If, after the manner of men, etc. - Much learned criticism has been employed on this verse, to ascertain whether it is to be understood literally or metaphorically. Does the apostle mean to say that he had literally fought with wild beasts at Ephesus? or, that he had met with brutish, savage men, from whom he was in danger of his life? That St. Paul did not fight with wild beasts at Ephesus, may be argued,
On the other hand, it is strongly argued that the apostle is to be literally understood; and that he did, at some particular time, contend with wild beasts at Ephesus, from which he was miraculously delivered.
I believe the common method of pointing this verse is erroneous; I propose to read it thus: If, after the manner of men, I have fought with beasts at Ephesus, what doth it advantage me? If the dead rise not, let us eat and drink, for to-morrow we die.
What the apostle says here is a regular and legitimate conclusion from the doctrine, that there is no resurrection: For if there be no resurrection, then there can be no judgment - no future state of rewards and punishments; why, therefore, should we bear crosses, and keep ourselves under continual discipline? Let us eat and drink, take all the pleasure we can, for tomorrow we die; and there is an end of us for ever. The words, Let us eat and drink, for to-morrow we die, are taken from Isaiah 22:13, as they stand now in the Septuagint; and are a pretty smooth proverbial saying, which might be paralleled from the writings of several epicurean heathens, φαγωμεν και πιωμεν· αυριον γαρ αποθνησκομεν . The words of Isaiah are נמות מחר כי ושתו אכול akol reshatho, ki machar namuth : "In eating and drinking, for to-morrow we die;" i.e. Let us spend our time in eating and drinking, etc. See a similar speech by Trimalchio in Petronius Arbiter, Satiric. cap. xxxvii: -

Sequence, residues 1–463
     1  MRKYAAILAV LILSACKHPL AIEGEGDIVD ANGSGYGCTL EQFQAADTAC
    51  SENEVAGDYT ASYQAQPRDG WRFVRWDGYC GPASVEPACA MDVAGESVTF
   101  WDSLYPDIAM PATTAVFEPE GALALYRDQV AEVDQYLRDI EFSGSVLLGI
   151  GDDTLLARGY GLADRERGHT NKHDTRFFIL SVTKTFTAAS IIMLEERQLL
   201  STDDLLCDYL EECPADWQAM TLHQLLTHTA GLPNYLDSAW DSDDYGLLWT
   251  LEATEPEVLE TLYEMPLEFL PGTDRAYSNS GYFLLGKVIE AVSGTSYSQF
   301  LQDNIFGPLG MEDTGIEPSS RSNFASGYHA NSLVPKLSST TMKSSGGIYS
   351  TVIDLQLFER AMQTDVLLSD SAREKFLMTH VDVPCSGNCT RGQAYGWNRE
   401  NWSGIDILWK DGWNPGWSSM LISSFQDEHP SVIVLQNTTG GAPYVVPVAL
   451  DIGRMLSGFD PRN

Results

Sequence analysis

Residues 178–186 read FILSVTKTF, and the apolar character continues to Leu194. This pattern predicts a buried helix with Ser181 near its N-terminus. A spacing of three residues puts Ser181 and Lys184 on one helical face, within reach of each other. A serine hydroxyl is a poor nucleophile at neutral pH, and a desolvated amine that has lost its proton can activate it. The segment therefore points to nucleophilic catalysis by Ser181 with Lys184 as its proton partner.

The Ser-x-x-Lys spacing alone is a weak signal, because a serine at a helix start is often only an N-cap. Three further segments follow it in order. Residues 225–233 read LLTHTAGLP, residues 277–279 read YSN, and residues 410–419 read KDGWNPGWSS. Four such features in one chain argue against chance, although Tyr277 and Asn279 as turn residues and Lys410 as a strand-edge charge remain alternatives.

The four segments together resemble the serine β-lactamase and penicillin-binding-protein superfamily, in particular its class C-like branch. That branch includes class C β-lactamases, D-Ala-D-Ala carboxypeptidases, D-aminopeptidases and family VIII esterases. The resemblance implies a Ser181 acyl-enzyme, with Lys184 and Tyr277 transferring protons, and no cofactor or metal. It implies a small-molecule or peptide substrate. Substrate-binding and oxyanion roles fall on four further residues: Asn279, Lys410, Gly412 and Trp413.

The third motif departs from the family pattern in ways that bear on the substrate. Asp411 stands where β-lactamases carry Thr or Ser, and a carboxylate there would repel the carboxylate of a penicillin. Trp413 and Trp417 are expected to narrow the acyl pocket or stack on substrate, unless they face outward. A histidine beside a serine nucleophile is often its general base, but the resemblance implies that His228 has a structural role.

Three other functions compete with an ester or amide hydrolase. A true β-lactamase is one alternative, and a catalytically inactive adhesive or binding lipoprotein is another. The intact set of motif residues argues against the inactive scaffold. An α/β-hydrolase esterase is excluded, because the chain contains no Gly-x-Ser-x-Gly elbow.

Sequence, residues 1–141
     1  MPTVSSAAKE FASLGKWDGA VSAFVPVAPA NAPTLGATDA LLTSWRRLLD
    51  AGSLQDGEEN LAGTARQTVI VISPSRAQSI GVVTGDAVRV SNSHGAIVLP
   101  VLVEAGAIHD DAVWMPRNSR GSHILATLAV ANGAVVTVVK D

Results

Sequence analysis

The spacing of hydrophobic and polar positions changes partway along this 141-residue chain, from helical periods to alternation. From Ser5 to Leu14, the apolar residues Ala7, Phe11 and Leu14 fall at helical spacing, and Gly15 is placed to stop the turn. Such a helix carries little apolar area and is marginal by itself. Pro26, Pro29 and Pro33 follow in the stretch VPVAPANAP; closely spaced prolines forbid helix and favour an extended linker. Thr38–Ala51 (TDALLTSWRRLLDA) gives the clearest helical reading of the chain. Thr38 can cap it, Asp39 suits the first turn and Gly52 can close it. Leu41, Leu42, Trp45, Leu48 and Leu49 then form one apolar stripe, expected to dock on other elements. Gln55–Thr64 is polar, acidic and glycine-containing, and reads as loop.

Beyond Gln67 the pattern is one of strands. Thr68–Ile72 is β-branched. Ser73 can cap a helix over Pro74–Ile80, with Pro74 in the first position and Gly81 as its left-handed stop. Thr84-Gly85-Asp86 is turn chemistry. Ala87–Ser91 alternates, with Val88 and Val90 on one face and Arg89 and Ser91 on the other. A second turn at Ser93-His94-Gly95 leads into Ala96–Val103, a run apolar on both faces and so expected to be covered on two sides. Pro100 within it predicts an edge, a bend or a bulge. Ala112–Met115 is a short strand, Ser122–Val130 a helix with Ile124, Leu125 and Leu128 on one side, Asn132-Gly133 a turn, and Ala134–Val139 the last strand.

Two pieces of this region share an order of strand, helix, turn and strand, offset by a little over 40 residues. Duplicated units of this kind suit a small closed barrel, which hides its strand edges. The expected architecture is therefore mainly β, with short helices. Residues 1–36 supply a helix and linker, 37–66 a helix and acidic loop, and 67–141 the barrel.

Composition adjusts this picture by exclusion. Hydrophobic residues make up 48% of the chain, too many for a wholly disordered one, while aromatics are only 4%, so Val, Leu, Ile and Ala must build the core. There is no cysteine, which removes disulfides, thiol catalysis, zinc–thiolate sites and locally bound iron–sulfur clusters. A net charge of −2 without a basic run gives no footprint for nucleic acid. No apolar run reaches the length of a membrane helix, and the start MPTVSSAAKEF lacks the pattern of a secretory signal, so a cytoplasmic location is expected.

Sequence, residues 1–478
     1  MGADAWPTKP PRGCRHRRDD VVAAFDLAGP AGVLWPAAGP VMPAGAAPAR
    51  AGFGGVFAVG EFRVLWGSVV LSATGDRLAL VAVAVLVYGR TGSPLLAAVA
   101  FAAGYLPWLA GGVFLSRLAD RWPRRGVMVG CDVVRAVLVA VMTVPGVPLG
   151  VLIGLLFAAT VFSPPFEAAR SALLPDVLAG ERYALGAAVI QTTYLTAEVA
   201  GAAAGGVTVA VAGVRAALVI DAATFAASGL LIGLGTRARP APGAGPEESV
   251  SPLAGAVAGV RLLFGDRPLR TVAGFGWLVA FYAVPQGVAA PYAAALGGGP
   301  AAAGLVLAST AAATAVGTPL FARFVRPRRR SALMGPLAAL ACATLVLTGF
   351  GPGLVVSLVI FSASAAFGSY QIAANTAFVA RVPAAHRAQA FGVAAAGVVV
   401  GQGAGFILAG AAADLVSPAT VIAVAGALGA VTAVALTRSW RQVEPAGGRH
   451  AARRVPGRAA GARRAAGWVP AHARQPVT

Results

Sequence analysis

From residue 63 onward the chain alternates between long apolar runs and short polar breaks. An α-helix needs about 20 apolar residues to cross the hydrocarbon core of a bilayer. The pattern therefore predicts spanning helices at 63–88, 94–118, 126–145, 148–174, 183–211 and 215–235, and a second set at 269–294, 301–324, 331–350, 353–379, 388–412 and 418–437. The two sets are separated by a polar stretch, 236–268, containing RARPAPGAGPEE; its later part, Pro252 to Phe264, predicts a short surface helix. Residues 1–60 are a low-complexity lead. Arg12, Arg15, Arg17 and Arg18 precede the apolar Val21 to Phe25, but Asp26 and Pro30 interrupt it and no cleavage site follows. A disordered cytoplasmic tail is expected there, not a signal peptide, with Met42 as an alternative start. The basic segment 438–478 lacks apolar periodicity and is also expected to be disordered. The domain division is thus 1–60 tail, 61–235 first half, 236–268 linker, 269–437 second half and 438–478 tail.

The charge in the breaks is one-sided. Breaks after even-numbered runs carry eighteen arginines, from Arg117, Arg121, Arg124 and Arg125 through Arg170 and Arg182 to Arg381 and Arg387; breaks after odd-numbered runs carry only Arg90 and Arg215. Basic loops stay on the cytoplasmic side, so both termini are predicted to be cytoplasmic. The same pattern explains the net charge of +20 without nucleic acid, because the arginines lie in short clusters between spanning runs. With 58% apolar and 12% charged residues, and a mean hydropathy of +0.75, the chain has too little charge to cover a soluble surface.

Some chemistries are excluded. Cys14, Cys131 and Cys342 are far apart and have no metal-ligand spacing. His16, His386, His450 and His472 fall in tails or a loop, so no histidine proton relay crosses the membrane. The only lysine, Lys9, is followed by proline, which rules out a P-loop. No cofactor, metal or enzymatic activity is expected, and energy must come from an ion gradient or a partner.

Heu, heu nos miseros! quam totus homuncio nil est!
Sic erimus cuncti, postquam nos auferet orcus.
Ergo vivamus, dum licet esse bene.
Alas! alas! what wretches we are! all mankind are a worthless pack: thus shall we all be, after death hath taken us away. Therefore, while we may, let us enjoy life.
If after the manner of men - Margin, “To speak after the manner of men” ( κατὰ ἄνθρωπον kata anthrōpon). There has been a great difference of opinion in regard to the meaning of these words. The following are some of the interpretations proposed:
(1) If I have fought after the manner of people, who act only with reference to this life, and on the ordinary principles of human conduct, as people fought with wild beasts in the amphitheater.
(2) or if, humanly speaking, or speaking after the manner of people, I have fought, referring to the fact that he had contended with mcn who should be regarded as wild beasts.
(3) or, that I may speak of myself as people speak, that I may freely record the events of my life, and speak of what has occurred.
(4) or, I have fought with wild beasts as far as it was possible for man to do it while life survived.